Charcoal retains the carbon cell structure of plants from which it is made and, when buried, the carbon can stay in the ground for hundreds or thousands of years. Most fertile soil contains charcoal from ancient or recent forest fires and, until the introduction of synthetic fertilisers, charcoal was widely used by cultivators for enhancing the soil. The most remarkable example of soil modified by charcoal is the deep ‘terra preta’ from a previous civilisation in the Amazon that transformed infertile earth into rich loam.
‘Biochar’ is a new term applied to charcoal that is specifically produced for agricultural purposes. It differs from the familiar charcoal used for barbecues or cooking, which is made from wood in relatively large chunks and retains volatiles that increase flammability. Biochar, on the other hand, can be produced from any biological material and the producer should ensure that it is free of volatiles: wood vinegar, for example, is a valuable by-product as a pesticide and if retained in the biochar would hardly help microbial life! Volatiles and ash could also block the entrance to cavities and make them unavailable to moisture, microbes, fungi and mycorrhizae.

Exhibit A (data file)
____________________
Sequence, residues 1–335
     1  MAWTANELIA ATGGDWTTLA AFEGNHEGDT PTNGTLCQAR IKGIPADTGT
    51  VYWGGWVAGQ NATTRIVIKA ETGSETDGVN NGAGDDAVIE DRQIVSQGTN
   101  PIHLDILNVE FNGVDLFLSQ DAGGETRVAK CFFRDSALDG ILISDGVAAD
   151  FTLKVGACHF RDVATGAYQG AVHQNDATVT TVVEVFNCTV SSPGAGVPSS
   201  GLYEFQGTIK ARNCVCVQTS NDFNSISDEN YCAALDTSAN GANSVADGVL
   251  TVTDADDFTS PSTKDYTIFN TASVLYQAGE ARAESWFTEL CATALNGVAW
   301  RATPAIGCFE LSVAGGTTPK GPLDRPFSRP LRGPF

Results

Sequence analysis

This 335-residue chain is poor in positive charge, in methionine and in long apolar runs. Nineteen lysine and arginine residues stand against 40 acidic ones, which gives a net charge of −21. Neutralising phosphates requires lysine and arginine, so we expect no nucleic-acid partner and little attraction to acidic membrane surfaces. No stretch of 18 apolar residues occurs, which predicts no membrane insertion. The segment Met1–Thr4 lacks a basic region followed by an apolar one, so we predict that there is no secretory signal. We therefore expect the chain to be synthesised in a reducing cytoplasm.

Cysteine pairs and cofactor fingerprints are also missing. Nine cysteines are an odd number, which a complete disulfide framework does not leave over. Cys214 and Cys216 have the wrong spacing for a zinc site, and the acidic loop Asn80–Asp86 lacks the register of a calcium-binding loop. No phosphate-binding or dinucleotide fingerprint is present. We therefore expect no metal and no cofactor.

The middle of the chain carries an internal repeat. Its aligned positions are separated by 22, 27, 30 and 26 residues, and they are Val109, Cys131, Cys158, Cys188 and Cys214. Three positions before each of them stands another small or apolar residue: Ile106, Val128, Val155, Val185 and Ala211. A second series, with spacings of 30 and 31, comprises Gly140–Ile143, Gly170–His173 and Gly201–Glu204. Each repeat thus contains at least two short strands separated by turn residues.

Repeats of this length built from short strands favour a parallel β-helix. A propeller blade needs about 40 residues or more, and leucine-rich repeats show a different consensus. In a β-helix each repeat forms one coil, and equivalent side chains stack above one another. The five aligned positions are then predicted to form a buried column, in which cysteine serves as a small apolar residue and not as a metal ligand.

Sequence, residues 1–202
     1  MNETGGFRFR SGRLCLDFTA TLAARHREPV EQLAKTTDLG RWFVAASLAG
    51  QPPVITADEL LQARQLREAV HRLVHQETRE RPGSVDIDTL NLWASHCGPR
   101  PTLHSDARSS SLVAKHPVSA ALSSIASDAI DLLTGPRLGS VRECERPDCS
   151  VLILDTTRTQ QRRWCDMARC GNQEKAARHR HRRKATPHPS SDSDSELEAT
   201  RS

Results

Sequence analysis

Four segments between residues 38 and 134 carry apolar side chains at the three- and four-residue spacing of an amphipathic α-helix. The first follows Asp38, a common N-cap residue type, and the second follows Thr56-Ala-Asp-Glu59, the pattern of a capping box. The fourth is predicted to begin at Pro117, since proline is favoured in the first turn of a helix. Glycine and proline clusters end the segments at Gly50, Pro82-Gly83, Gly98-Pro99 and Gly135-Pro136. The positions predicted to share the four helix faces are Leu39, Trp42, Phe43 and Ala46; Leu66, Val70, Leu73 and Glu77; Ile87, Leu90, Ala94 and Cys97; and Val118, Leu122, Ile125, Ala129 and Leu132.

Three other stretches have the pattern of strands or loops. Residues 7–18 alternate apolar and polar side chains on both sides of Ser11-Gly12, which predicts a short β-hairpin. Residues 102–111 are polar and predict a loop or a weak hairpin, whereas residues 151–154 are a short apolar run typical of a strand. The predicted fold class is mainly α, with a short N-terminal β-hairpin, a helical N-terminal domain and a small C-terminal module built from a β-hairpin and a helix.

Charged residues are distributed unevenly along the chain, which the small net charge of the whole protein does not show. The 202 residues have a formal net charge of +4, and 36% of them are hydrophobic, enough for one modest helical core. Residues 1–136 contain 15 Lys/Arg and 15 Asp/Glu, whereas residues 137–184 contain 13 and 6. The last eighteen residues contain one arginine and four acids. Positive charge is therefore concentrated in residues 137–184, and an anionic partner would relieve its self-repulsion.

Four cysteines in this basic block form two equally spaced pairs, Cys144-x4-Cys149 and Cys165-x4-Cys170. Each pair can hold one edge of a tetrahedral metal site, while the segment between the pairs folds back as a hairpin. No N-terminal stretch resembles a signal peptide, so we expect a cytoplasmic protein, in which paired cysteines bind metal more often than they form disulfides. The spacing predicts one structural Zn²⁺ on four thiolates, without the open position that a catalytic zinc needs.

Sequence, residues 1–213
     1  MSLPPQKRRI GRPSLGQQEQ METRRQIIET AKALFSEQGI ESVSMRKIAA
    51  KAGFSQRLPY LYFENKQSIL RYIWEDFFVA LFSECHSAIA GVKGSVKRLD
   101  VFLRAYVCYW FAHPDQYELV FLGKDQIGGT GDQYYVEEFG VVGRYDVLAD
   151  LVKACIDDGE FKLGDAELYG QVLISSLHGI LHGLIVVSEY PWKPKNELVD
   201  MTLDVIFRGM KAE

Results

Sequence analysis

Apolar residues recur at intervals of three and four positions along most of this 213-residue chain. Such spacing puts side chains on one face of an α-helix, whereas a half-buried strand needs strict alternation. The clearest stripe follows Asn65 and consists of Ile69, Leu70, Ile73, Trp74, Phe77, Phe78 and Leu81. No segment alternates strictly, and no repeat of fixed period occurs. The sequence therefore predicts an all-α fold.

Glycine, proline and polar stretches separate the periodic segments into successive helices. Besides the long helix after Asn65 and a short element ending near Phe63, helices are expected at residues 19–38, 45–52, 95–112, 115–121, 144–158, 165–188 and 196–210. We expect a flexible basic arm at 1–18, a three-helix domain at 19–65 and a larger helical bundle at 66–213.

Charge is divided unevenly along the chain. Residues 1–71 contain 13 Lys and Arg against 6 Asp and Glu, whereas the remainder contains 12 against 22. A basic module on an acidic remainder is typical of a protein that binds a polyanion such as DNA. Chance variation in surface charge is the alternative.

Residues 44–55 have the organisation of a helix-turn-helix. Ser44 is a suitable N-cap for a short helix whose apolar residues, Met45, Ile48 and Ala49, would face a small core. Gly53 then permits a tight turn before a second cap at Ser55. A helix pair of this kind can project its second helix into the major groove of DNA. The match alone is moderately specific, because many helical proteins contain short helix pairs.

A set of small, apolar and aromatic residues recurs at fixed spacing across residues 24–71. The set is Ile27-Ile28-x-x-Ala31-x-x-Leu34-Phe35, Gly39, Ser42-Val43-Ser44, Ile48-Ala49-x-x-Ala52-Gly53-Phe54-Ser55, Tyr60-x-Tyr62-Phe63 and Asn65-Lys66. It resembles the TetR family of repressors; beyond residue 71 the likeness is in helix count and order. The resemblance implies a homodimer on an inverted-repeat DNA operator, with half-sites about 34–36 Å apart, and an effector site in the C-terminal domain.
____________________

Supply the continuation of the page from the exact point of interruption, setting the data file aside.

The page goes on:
Dr Ravi Kumar, inventor of the Anila cooking stove, standing beside the BiGchar-1000, a continuous-flow pyrolysis unit by Black-is-Green Pty Ltd Australia. Its inventor, Dr James Joyce, is on the left.
Water-holding capacity, therefore, is one of the easiest tests for assessing the quality of a useful biochar because it indicates whether the cavities are open and available. Another indication is the proportion of char to feedstock: a high proportion may indicate that volatiles and ash are retained, adding weight and rendering the char of little, or no, use for soil enhancement. The temperature at which biochar is produced is critical for achieving a high degree of absorption. The cavities give refuge to microbial life that forms a bridge for nutrients to the hairs on plant roots, thus enhancing fertility. It is desirable to mix biochar, before use, with manure, digestate slurry, compost etc. for it to be ‘charged’ and have an immediate effect with plants.
One hope for biochar, therefore, is for increased global food production while permanently enhancing soil. The other hope is that it could help the struggle against climate change.